The rating indirectly represents the probability of winning an even game against other rated players. This probability depends only on the difference between the two players' ratings, but its magnitude varies greatly from one implementation to another. The American Go Association adopted a uniform standard deviation of 104, i.e. slightly more than one rank, while the European Go Federation ratings have a sliding standard of deviation from 200 for beginners down to 70 for top players. The IGS has a fixed standard deviation for all levels of play, but a non-standard distribution. The following table displays some of the differences:
|Rating||Winning % of the stronger player|
|2 kyu||1 kyu||1 dan||2 dan||1k vs. 2k||1d vs. 2k||2d vs. 2k|
Note how different the expectations of each system are regarding even games between players of unequal strength. If a player can win 90% of even games against a 2 kyu player, the AGA believes he or she is 1.33 ranks higher, the EGF believes (s)he is 2.42 ranks higher, and the IGS believes (s)he is more than 3 ranks higher. The lack of agreement stems from a tradition of playing handicap games between players of different ranks, so there is a lack of data regarding non-handicap games between mismatched opponents.
For even games between players less than one rank apart, it doesn't matter very much which distribution curve is used: roughly accurate ratings will emerge on the basis of many even games. However, because games between unequal players are sometimes played at handicap, some rating systems have a mechanism to incorporate games played with handicap. Generally, they do this by equating the handicap stones to a certain number of rating points. These points are then added to the rating of weaker player for purpose of calculating the rating change of the stronger player, and are conversely deducted from the rating of the stronger player for purposes of calculating the rating change of the weaker player. This mechanism has the effect of calibrating the rating-based ranks to be a stone of handicap apart, which is in conflict with ranks being a certain winning percentage apart.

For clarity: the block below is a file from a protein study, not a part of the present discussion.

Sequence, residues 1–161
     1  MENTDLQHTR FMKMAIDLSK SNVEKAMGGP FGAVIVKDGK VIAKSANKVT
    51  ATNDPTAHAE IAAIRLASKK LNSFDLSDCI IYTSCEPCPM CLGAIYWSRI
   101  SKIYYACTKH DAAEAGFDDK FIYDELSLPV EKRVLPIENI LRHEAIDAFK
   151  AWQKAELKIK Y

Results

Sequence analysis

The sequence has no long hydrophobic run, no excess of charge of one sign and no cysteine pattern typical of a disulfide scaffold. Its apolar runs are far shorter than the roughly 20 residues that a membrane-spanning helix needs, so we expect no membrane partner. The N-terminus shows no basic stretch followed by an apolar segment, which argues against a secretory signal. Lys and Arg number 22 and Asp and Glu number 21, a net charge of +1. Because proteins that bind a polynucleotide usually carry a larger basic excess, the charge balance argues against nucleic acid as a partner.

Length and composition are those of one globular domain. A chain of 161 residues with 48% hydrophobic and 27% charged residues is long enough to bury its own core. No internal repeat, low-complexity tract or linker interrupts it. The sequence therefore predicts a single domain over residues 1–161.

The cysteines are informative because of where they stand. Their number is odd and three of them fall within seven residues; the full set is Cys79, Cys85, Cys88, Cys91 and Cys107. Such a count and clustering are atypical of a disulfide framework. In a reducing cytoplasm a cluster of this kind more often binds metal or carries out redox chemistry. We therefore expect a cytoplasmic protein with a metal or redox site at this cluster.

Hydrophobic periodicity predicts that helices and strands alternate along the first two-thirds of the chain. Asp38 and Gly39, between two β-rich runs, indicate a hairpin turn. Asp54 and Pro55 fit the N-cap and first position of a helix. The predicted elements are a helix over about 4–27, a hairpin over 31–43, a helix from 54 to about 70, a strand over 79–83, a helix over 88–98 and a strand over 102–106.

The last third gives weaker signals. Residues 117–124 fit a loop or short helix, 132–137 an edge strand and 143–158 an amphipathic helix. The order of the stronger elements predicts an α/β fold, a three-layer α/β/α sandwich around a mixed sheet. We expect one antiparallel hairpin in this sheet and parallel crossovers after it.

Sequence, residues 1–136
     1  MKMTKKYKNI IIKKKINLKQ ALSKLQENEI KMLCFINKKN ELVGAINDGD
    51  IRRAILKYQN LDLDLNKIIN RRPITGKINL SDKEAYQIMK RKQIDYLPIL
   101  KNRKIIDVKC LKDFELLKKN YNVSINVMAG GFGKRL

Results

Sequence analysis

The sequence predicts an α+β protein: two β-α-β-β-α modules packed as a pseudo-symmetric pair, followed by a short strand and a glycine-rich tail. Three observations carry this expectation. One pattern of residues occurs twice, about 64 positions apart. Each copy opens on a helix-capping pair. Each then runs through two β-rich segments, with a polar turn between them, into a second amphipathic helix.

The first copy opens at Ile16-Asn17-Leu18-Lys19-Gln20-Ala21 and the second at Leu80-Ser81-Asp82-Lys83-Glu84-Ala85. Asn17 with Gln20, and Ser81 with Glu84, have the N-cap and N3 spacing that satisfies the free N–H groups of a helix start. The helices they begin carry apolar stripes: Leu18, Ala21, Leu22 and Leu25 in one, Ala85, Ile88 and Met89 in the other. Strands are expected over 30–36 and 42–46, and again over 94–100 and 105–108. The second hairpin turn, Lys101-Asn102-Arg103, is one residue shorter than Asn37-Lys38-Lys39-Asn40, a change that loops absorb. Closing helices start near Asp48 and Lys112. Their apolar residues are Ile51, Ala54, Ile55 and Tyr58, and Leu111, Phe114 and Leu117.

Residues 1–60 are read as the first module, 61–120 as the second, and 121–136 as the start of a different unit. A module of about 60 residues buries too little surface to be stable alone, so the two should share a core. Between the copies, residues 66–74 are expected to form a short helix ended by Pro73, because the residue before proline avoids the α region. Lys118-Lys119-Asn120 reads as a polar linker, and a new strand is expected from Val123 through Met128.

In chess you must take some risks to avoid a draw, but the komi system in modern go has rendered draws extremely rare. Draws stem from an institution's ruling on unusual game occurrences, such as Article 12 of the Japanese rules regarding repeating positions; or a tournament's use of integer komi. Also, an average game of Go lasts for 240 moves, compared to 80 in chess, so there are more opportunities for a weaker player to make sub-optimal moves. The ability to transform a small advantage into a win increases with playing strength. Due to this ability, stronger players are more consistent in their results against weaker players and will generally score a higher percentage of wins against opponents at the same rank distance.